4/13/2006

Asymmetric information

I found this blog on the Marginal Revolution that goes along quite well with our in-class discussion of asymmetric information. The idea is that because of asymmetric information you can’t sell a good used car for what it’s really worth. As a result, people with good used cars tend to hold on to them and the percentage of bad used cars on the market goes up. This blog points out one way to get around asymmetric information and why the used car industry doesn’t fail. In the blogger’s own words, “buyers and sellers use testing and certification to remove the most important information asymmetries.” In recent years I have seen lots of used car dealers advertise that they sell certified used car. Like in the experiment last week, the certification is a way of signaling that a car is not a lemon and worth a high price.

7 comments:

Dr. Tufte said...

If you read down in the linked post, they argue that adverse selection is not much of a problem in the real world because people find ways - like warranties - to mitigate it.

alex said...

Asymmetric information poses a problem in all markets, as there will always be one sect who are better informed than the rest.

http://alexmthomas.wordpress.com/2006/10/04/the-economics-of-information/

Dr. Tufte said...

Agreed.

But the point of the original Marginal Revolution piece is to (broadly) apply the Coase theorem: just because asymmetric information exists does not mean that private parties will not contract to reduce or eliminate it.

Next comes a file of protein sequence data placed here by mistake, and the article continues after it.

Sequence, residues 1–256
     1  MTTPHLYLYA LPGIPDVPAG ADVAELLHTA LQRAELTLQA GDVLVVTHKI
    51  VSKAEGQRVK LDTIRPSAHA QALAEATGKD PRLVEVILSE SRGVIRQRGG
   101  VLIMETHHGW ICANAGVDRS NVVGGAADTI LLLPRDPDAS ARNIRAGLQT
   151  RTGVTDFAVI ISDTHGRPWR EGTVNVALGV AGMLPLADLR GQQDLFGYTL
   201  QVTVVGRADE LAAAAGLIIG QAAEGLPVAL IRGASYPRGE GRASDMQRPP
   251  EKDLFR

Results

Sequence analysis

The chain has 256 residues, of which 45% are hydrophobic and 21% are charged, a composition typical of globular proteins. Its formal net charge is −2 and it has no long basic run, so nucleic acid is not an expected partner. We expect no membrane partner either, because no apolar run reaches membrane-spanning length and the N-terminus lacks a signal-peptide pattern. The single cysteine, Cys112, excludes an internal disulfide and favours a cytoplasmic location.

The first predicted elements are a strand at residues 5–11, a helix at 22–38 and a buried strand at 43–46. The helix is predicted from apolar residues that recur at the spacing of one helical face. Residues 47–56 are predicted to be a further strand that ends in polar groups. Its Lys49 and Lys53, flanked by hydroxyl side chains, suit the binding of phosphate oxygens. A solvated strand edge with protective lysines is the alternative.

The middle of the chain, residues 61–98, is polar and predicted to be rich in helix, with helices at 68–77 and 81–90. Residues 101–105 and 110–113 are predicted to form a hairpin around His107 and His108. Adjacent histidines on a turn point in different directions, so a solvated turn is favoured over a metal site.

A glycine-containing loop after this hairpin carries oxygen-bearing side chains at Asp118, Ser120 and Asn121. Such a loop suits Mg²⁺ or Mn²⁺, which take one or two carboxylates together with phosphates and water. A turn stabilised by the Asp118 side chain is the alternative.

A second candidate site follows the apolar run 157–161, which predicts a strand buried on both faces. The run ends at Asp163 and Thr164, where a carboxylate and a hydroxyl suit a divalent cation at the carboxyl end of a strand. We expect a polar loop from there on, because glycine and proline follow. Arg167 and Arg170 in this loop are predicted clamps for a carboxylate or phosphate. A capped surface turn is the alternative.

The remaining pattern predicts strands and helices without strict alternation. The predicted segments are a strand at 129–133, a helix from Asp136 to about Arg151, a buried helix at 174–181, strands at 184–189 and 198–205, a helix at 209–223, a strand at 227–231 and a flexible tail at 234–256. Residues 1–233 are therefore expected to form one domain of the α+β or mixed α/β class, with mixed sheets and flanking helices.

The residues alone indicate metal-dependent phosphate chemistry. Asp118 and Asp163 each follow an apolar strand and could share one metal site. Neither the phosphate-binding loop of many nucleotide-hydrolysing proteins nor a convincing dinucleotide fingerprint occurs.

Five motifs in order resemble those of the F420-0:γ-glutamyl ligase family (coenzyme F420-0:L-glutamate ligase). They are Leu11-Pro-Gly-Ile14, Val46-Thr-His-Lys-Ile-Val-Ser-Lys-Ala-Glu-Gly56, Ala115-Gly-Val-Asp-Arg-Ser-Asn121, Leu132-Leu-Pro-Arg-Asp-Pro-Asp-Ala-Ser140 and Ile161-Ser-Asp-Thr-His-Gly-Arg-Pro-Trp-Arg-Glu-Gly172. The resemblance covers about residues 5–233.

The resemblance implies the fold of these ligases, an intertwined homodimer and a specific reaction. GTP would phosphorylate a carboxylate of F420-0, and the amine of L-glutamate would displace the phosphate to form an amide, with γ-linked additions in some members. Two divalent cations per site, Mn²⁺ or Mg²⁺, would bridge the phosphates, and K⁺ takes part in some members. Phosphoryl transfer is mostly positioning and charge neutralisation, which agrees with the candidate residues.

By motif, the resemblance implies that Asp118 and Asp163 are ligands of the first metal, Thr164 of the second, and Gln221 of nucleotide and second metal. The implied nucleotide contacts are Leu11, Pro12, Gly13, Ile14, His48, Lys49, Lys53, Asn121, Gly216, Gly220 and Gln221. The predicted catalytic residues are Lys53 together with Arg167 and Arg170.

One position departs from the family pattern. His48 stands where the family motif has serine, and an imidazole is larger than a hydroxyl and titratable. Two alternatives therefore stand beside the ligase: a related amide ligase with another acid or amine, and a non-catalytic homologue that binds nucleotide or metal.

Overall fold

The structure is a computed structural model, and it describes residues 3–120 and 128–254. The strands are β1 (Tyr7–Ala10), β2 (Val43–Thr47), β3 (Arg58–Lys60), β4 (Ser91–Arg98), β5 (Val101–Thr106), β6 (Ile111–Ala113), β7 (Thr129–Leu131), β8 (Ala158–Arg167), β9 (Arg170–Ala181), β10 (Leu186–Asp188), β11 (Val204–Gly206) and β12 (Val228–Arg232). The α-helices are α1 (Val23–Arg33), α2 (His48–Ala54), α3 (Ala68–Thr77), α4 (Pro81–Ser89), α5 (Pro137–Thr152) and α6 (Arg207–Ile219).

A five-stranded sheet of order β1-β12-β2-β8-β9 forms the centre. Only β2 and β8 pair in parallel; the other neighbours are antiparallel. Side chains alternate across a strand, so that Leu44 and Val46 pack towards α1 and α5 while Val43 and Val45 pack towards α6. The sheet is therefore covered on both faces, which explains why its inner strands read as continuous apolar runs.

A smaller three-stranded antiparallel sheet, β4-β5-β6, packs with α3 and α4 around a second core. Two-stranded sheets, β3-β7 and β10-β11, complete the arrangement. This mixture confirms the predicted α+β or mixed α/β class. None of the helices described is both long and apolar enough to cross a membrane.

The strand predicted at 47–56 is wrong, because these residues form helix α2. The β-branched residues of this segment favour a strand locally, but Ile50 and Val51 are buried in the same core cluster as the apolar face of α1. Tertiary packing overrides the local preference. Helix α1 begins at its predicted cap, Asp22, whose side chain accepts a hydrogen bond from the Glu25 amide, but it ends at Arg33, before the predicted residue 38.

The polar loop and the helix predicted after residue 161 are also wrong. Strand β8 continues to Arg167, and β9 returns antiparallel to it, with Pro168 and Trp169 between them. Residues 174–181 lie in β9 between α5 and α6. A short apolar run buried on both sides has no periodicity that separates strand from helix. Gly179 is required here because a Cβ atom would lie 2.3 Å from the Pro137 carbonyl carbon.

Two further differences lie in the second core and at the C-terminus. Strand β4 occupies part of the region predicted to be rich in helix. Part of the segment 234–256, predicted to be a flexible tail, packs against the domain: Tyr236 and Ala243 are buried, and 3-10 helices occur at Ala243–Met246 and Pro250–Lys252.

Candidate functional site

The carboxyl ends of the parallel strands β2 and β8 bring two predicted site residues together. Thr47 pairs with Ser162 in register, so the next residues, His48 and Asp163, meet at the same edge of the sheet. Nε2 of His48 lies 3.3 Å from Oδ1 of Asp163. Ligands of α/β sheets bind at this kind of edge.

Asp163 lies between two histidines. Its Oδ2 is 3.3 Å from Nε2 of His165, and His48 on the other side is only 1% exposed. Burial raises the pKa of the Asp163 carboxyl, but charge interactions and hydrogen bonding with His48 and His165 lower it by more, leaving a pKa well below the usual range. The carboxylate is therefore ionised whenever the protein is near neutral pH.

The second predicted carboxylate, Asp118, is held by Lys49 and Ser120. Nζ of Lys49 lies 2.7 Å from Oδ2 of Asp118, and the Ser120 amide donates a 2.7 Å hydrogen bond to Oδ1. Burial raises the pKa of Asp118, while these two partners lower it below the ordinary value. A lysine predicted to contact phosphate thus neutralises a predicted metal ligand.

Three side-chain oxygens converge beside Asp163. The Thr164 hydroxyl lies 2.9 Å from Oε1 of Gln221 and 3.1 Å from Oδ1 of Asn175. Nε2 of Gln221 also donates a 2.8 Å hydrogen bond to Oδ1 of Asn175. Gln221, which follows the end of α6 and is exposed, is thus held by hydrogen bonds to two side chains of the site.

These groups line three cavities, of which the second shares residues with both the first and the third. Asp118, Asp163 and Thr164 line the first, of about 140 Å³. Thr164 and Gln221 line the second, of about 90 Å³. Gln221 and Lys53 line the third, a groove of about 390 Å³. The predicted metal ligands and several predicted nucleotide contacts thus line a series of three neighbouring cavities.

To the extent that they do this, we should observe lots of institutions to mitigage asymmetric information, but not too many direct adverse effects from AI.

alex said...

Definitely private parties will try to mitigate the asymmetries.

I usually argue, keeping in mind India, so we might be talking about very different problems here. Here, most people dont get the opportunity to make advantage of such private parties.

Dr. Tufte said...

I think we can then both agree that we probably see more asymmetric information problems in India, and more institutions whose role is to mitgate those problems in the U.S.

alex said...

OK.

I strongly feel consumers lose out in the transaction. What do you think?

Dr. Tufte said...

I'm not sure what the question is.

Is it that asymmetric information problems tend to hurt the consumer at the expense of the producer?

If so, I think it depends on the industry: insurance customers almost always benefit more highly from the information they withold from insurance companies.